Bangalore’s Ranga Shankara, named after Sandalwood actor Shankar Nag and as a tribute to Lord Shiva as Nataraja, is the most equipped multi-lingual theatre company. It was established in 2004 with a 300 seated auditorium capacity that has been functioning every day since January after the lockdown opened — with shows round the clock. It pertains to varied aspects of theatre like performances, acting, voice culture, teacher’s training workshops and is accessible to everyone including the marginal section of the society, with minimum costs. There is a particular section for theatre for children too headed by veteran theatre personality and administrator Padma Shri Arundhati Nag. We caught up with her to know more about the theatre.
How did you get involved with theatre?
I was born in New Delhi but at the age of 11, shifted to Mumbai and during my formative years, my parents took me to theatrical shows in the city that left a lasting impression on me. Watching Marathi plays of Dr Shreeram Lagoo, Vijaya Mehta or Gujarati plays by Sarita Joshi, was the most beautiful experience of my life. In fact, I would say theatre is the most beautiful accident of my life.
I enrolled myself as a student of theatre at the Indian People’s Theatre Association (IPTA)and was also involved with the Indian National Theatre (INT) and during the Inter-college festival, I won an award for my performance in the play Rangmanch Rota Raha and was a student of Narsee Monjee College and interacted with personalities like Kaifi Azmi, MS Sathyu, Paresh Rawal, etc. Due to my upbringing in varied cultural backgrounds and being an actress, I realised the importance of languages, hence learnt to speak Hindi, Marathi and Gujarati, which definitely was helpful in multilingual avenues.
How did you meet Shankar Nag?
Shankar Nag was a student of Lala Lajpatrai College and during drama competitions, we used to meet briefly but later, he shifted to Bangalore and started acting in Kannada movies. In 1978, he asked me to come over to Bangalore, as he wanted me to act in his play and he was quite tired of mindless running around trees and dancing in movies. He wanted to do theatre and the first Kannada play I acted with him was Anju Mallige, the play was written by him and was quite sensational as it dealt with the topic of incest.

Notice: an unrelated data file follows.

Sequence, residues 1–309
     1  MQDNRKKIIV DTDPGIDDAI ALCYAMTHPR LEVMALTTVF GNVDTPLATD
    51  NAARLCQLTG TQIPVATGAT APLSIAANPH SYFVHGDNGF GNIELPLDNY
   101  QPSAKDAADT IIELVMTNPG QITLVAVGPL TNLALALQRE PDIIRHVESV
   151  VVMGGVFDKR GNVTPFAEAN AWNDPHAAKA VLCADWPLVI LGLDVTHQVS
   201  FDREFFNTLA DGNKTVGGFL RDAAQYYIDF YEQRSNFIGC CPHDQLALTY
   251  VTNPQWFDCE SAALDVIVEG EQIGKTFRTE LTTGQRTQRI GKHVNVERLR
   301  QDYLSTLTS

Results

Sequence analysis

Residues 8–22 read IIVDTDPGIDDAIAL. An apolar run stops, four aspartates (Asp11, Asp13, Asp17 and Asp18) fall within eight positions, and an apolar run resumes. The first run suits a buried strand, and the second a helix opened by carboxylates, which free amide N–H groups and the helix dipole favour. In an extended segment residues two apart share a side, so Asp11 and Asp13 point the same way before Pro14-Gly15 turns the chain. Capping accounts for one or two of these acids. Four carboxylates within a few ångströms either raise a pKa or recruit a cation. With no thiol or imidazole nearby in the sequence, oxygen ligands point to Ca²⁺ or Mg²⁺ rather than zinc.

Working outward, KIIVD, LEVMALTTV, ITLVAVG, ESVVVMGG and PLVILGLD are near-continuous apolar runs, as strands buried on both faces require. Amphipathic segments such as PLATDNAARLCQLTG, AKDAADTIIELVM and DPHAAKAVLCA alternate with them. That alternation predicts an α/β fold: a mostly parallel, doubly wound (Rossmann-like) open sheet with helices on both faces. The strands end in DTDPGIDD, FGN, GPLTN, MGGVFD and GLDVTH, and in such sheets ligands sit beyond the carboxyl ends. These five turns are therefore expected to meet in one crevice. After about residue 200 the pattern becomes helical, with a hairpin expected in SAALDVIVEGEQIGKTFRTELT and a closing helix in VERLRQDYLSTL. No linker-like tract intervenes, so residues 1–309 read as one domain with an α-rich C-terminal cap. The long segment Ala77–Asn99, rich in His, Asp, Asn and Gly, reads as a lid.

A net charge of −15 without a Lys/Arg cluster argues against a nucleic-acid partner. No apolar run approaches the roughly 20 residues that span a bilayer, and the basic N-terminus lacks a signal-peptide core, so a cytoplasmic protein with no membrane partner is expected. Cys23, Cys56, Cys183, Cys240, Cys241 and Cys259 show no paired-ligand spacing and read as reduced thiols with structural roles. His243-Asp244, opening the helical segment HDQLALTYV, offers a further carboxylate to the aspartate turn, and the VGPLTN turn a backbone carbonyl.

How do you select a play for presentation and what is the basic purpose of theatre?
I think it is the story which is most important and it has to move the audience. The stagecraft and the ultimate intention of theatre is to take a message that you can take it home and keep you thinking — theatre is not just entertainment, it is much more. In Ranga Shankara, the auditorium is available at a modest cost of Rs 2,500 and 10 percent of the ticket sales. The idea is to give back to the audience as it is run by a Trust and we have a special group for children as they are the adults of tomorrow so we can’t take children for granted. Hence, we have to give them quality and philosophy that would be useful in their lives. Theatre should not become prerogative for the rich alone — poor children can also become actors. We have 30 plays and 400 performances around the year with puppet shows of different countries like Australia, Japan, Korea, etc.
Your experience with Girish Karnad?
Girish Karnad was the Chairman of our Trust and he used say about me that I am a good actress, but a bad administrator. He was a great source of inspiration and encouragement and I acted in his play Nagamandala.
Your favourite role?
I play five different women in the play of Badal Sarkar’s Pagla Ghoda, wherein the men visualise the spirit of women after their death. This role is complex and intense too as I play five different women. Other plays include 27 Mavali Circle based on Wait Until Dark, Jaywant Dalvi’s Sandhya Chhaya, Girish Karnad’s Naga Mandala, Kannada play Hulaguru Hulliyavva based on Bertolt Brecht’s Mother Courage.
Were you not fascinated with Kannada cinema?
Not really, but I did act in some. In the film Accident, I play the mother of Shankar Nag, other Kannada movies include Paravesham Prema Prasanga and Nodi Swamy Kunda Navirodu Heege. Then I was quite busy raising funds for Ranga Shankara as it was not easy to raise 5 crores, but I received donations from the poor and rich too, hence it was possible to establish Ranga Shankara.
After Shankar’s demise, was it difficult for you to pursue that?
His spirit lives on, hence the name Ranga Shankara. Theatre is a social commitment for the betterment of the society, hence the show must always go on.